And the good stuff just keeps on coming . . . from a tender Japanese blossom infused story, to an Oz/New Zealand doco exploring the impact of family secrets, a thriller sci-fi, and a splendid selection of features and docos about the Holocaust, there is no excuse for not venturing into the cinema.
Director: Naomi Kawasa
Length: 113 mins - exclusive to Cinema Nova
|© Curious Films|
4.5 - Wholeheartedly recommended!
For my full review:http://www.cinephilia.net.au/show_review.php?movieid=6011
Holocaust Film Series
Opening on April 30th and running for 12 days at the Elsternwick Classic and the Lido, Hawthorn, this is a showcase for 30 films from around the world, dedicated to racism, persecution, survival and emigration. I find it amazing that filmmakers are still coming up with new ways to look at this horrific period in human history, and yet the themes of tragedy, courage, despair and identity remain universal and are as relevant as ever to today's world.
So far I'm impressed with:
Remember: Revered filmmaker Atom Egoyan has created a thriller of a revenge story in this tale of Auschwitz survivor Zev (Christopher Plummer), who is now suffering from Alzheimer's in an old folk's home. His friend Max (Martin Landau) reminds him of a pact they made to track down a particular camp Kommandant and exact revenge. And so the quest begins, creating a nail-biting story, with a devastating unexpected final twist! Plummer, now 85, is still marvellous.
Last Folio: Son of Slovakian survivors, renowned photographer Yurl Dojc goes back to his birth country to interview other survivors, and to document what is left of a lost world. Stunning cinematography and heart-wrenching reminiscences complement the impressive body of photos which captures the past, the present, and puts a human face to the genocide.
Surviving Skokie: Eli Adler escapes Holocaust Europe to Chicago, but keeps his past a secret from his family. When a group of neo-Nazis start marching in his town, survivors are forced to confront the horrors of the past, and for Eli this is a chance to finally open up to his son (the film-maker).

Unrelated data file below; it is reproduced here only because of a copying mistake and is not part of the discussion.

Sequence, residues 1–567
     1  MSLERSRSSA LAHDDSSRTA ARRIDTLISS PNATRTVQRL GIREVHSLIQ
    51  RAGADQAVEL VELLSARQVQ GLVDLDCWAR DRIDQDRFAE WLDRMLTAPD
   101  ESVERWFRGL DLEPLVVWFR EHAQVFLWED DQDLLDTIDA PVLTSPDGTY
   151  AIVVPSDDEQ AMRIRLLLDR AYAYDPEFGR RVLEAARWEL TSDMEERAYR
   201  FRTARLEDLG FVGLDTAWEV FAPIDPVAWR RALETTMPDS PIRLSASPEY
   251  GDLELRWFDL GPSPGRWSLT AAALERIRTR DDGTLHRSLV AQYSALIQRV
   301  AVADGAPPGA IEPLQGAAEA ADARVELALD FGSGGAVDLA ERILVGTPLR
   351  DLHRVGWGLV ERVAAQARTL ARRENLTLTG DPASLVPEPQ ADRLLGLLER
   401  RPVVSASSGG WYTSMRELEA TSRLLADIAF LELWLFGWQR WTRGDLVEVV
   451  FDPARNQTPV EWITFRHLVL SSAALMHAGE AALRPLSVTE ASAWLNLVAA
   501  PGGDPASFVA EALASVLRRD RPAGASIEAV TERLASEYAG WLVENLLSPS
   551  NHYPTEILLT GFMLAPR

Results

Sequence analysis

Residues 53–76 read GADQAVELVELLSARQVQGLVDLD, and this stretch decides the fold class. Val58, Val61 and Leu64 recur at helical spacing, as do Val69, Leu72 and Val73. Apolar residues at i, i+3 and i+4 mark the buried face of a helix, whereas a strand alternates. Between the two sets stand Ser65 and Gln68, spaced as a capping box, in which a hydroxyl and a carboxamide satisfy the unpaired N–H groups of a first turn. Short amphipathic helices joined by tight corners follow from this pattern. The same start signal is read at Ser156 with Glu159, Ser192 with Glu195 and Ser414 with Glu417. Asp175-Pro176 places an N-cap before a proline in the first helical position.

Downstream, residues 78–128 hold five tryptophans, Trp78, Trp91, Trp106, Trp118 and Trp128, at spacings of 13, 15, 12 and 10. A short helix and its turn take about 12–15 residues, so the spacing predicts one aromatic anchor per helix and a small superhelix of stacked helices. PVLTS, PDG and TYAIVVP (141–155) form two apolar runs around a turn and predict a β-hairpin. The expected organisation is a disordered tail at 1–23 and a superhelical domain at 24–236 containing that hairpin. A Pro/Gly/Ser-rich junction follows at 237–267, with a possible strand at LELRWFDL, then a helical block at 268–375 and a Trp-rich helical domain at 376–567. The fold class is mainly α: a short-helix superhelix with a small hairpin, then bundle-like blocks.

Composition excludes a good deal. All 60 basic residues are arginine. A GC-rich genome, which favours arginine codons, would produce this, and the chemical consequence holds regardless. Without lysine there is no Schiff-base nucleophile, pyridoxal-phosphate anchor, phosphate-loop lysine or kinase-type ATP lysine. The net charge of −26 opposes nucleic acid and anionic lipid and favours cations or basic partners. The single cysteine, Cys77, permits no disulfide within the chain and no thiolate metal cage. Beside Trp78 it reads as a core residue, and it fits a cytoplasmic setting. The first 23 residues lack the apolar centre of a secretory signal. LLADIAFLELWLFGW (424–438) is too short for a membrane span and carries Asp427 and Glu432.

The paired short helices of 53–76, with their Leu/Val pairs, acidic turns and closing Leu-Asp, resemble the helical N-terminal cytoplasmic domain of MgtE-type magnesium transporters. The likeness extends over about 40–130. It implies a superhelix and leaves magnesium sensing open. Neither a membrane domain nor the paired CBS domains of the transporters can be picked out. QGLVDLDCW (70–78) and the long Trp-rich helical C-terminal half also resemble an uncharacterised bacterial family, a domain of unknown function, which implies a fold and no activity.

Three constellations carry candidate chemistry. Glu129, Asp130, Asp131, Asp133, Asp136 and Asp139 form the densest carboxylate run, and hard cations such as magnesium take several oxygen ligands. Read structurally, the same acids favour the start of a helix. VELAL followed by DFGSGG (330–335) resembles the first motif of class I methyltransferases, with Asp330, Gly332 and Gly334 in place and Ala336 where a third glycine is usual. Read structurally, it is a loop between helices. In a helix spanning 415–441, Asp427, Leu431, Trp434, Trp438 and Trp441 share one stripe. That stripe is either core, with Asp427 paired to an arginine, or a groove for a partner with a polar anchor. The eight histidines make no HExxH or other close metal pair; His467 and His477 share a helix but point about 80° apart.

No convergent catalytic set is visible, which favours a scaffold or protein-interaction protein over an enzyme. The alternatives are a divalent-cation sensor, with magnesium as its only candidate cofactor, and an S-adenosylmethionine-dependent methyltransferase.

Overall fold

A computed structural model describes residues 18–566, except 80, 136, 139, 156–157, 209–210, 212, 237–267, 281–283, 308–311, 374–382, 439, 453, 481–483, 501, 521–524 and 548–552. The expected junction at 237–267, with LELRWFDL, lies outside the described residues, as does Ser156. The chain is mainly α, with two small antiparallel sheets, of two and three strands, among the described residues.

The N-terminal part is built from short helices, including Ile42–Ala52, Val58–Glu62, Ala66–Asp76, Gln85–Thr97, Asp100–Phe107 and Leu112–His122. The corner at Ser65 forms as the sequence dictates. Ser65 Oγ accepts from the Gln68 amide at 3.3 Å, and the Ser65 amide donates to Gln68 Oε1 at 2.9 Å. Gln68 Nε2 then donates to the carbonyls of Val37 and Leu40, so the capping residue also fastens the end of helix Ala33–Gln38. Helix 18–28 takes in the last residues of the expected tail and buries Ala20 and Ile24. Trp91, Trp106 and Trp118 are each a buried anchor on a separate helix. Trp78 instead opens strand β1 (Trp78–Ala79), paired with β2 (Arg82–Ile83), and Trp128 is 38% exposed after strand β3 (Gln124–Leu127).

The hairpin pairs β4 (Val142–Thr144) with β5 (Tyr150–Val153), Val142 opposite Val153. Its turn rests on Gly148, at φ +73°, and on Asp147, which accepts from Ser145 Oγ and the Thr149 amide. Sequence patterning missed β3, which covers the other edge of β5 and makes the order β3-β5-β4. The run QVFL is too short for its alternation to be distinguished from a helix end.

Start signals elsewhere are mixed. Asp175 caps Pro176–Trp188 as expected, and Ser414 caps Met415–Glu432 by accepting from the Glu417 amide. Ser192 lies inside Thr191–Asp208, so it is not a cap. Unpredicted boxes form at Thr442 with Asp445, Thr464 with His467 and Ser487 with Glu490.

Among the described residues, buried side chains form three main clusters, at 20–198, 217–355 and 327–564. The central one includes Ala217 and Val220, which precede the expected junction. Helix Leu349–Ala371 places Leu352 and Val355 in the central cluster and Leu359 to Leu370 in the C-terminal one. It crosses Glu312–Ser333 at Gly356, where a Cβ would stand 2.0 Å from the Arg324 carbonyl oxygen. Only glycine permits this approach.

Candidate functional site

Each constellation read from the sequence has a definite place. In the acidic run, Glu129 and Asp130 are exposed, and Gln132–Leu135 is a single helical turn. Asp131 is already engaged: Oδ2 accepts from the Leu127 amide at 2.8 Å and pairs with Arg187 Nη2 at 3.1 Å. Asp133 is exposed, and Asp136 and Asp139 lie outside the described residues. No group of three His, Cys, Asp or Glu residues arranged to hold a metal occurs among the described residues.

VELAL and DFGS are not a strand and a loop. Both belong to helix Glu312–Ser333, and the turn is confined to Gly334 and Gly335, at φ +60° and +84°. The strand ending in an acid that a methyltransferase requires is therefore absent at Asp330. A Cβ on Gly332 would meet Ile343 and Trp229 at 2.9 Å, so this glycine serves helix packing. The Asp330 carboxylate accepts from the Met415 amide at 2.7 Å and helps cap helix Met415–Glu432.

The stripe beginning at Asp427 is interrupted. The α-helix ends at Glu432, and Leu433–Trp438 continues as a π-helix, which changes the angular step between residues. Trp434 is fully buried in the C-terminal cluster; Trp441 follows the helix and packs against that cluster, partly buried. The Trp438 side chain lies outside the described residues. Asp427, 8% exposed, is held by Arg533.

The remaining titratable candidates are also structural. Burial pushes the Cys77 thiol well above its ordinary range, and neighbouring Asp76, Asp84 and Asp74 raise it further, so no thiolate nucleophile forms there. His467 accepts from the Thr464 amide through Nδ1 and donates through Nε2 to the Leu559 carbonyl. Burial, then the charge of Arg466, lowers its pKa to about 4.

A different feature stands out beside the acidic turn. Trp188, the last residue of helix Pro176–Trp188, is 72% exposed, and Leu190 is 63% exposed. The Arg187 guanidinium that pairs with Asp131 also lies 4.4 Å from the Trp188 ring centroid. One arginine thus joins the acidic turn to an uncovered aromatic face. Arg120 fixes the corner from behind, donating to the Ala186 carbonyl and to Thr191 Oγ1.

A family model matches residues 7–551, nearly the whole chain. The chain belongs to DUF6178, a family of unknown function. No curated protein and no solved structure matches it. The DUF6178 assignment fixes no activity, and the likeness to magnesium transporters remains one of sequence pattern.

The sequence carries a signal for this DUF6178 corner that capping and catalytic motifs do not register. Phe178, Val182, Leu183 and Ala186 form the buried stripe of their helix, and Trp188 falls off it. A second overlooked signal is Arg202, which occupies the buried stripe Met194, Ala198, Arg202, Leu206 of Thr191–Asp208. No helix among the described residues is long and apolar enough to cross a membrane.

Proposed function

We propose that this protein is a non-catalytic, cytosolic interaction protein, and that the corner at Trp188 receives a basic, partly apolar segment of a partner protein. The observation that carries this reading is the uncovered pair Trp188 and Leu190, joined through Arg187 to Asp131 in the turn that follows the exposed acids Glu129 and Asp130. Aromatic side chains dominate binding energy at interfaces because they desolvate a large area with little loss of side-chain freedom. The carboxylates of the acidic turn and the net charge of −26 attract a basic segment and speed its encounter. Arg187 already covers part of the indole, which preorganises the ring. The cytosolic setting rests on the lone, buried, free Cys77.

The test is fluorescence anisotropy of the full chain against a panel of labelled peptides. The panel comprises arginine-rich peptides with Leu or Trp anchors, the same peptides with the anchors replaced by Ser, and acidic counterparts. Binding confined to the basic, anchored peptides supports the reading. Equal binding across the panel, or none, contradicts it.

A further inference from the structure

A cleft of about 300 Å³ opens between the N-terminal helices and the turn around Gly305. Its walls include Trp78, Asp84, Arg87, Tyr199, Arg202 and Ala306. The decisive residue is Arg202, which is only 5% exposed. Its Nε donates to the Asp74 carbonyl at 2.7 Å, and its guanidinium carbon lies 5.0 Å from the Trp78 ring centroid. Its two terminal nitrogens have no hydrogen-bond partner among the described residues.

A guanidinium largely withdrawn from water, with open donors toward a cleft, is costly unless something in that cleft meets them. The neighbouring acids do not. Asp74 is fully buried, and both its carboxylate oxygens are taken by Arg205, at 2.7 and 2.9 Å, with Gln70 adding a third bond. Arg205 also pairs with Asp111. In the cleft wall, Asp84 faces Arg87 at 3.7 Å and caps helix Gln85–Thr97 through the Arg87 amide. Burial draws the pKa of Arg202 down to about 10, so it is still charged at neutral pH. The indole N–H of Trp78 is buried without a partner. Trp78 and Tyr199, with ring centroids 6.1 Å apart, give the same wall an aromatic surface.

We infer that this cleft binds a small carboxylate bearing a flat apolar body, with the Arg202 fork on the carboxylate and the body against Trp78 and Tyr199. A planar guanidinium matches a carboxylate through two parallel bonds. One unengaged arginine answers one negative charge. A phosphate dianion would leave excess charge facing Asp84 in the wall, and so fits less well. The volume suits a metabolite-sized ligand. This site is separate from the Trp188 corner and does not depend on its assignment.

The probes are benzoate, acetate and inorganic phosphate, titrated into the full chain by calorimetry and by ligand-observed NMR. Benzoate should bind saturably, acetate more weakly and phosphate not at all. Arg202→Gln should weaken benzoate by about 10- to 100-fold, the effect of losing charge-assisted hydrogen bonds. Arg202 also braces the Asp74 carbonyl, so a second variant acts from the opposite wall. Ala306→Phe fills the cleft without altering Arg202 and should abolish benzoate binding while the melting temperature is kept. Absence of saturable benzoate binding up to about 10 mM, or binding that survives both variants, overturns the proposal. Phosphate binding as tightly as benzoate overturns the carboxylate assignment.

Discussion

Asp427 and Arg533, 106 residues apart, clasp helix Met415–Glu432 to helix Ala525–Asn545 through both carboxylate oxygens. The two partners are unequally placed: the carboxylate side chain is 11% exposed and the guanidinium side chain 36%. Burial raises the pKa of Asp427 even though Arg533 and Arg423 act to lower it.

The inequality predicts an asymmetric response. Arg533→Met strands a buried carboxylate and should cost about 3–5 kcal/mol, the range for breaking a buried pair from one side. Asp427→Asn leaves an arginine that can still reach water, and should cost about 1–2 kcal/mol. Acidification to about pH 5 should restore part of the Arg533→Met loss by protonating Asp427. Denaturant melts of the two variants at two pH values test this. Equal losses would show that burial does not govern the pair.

Goodbye Theresienstadt: Although 7000 Danes were smuggled out of the country, nearly 500 were transported to the concentration camp, Theresienstadt. Six elderly folk who survived the horrors return to the hellhole where they spent so much of their childhood.
The Cabaret of Death: In ghettos and concentration camps, Jewish artists and musicians fought for survival using humour, music and theatre. This doco almost broke my heart, watching people rise above their brutal surroundings, to bring a smile to the faces of their fellow sufferers. The film employs powerful but distressing re-enactments, archival footage, and insightful commentary from current day philosophers and survivors.
Song of Songs: For some light relief comes a sweet tale from famous author Sholem Aleichem. Two ten-year-olds in a Ukrainian village at the turn of the 19th century seem made for each other, but life has other plans. As make-believe gives way to reality for the children, the audience are treated to a glimpse of a long-gone way of life.
I firmly believe everyone can find a must-see film from among this fine selection.
For a full rundown on the series, and to book your sessions:http://www.jiff.com.au/hfs/
Director: Margot Nash
Length: 73 mins - exclusive to Cinema Nova
This short and sweet gem of a doco examines the past of film director Nash. She recalls her life in New Zealand, a childhood with an extremely unhappy and distant mother, and a father who suffered from a probable bipolar disorder. The title refers to the way many families operated back in the 50s - never talk about things that are wrong; keep the secrets close. Having many elements of this in my own childhood, I found the film alarmingly unnerving, and in many ways sad and beautiful. The old photos, the pieced together fragments of the past, and the often poignant memories that go into making who we are today, is something many viewers will easily relate to.
3.5 - Recommended!
For a full review from Bernard Hemingway:http://www.cinephilia.net.au/show_review.php?movieid=6008
Director: Jeff Nichols
Length: 112 mins
|© Roadshow films|
3.5 - Recommended!
For a full review from Bernard Hemingway:http://www.cinephilia.net.au/show_review.php?movieid=6007